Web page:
8. bardamu
    June 5, 2023 at 17:09

    Sadly, this is a good enough idea that we can know in advance that it will not happen. We have the usual problem that we always have with bans on violence: the enforcing body must be violent, and it will refuse to enforce laws against itself.

    It may be of some advantage to have the ban nonetheless, just because there is some chance that fear of prosecution in old age or after a change of power. And this violence also happens in large part because populations who are not directly guilty are otherwise complicit. Still, a ban with violent penalties also provides motivation towards violence by the wealthy to retain power. And, of course, most violence is mostly that.

    A problem with drones specifically is that they remove the murderer from the victim. Studies since Milgram have shown that humans are more prone to torture and murder under command if they imagine that their atrocities are not witnessed by cohorts. This may be largely to avoid punishment, but it also appears to be because anonymity greatly facilitates denial. Think about kids who are caught shoplifting. They may feel all sorts of things other than guilty right up to the moment in which they are caught, when the most common response becomes sobbing tears and apology. Even drone operators many miles from the dangers of combat suffer PTSD regularly, but the information that has emerged from the practice also suggests strongly that they hunt civilians as a kind of sport.

    Humans have no uncircumstantial need for violence (as we do for food or water or air), but we clearly have strong recourse to it in response to circumstances. To reduce violence requires that we design and implement circumstances that do not drive people to violence. I suppose that sounds utopian; to accomplish it perfectly would be pretty nearly so. But perfection is no prerequisite to action in this direction any more than it is in others.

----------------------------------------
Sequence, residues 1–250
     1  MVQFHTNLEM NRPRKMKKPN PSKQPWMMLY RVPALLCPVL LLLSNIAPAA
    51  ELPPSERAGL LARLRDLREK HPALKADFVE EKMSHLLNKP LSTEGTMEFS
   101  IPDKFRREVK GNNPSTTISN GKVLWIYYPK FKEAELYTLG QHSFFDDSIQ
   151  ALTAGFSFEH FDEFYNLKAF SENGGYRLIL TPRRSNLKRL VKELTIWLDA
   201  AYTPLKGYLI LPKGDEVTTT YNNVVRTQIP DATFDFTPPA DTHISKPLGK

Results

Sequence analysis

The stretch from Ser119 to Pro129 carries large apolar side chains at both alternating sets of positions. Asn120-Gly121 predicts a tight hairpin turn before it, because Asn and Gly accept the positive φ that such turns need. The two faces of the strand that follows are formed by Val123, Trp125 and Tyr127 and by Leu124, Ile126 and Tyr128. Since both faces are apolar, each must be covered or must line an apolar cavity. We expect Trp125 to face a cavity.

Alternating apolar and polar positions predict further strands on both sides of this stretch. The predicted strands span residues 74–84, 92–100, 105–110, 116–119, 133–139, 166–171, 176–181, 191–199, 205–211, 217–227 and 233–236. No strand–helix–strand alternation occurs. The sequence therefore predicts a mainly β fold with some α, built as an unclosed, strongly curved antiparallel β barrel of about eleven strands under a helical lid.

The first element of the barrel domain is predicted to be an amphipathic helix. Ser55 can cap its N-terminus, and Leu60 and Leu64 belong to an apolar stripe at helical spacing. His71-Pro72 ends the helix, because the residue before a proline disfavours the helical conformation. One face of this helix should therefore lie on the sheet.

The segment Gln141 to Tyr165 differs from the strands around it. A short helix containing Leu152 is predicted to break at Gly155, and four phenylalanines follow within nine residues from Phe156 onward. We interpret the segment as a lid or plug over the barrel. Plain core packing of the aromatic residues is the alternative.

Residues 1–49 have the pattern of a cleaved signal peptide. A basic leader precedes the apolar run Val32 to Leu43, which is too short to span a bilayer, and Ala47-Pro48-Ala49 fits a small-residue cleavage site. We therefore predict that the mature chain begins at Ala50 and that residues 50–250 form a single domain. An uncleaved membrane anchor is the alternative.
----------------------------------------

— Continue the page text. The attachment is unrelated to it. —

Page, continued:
Violence in a society increases with increased stress, including particularly with increased disparity in income, wealth, power, and respect (as has been extensively documented by Richard Wilkinson (How Economic Inequality Harms Societies, on TED, 17 minute podcast; further documentation in _The Spirit Level_, in the final chapter).

    Before the forest there stood a first tree. Applause for Ann Wright.

  9. Selina Sweet
    June 5, 2023 at 15:30

    Thank you for your righteous dedication to life. Outlawing
    cluster bombs and weaponized drones is absolutely imperative.

  10. Realist
    June 5, 2023 at 15:19

    Since Madeline Albright has passed on to her eternal reward, I guess we will have to ask America’s foremost Shield Maidens like Victoria Nuland or Hillary Clinton if the unintended consequences are worth the cost to innocent lives in cases like these. Truth be told, I think that such consequences are often quite intended, especially when America deliberately enlists terrorism as a weapon and professional terrorists like Al Qaeda and ISIS as allies. But then, I’m not much of a team player when it comes to genocide, intended or fortuitous.

Comments are closed.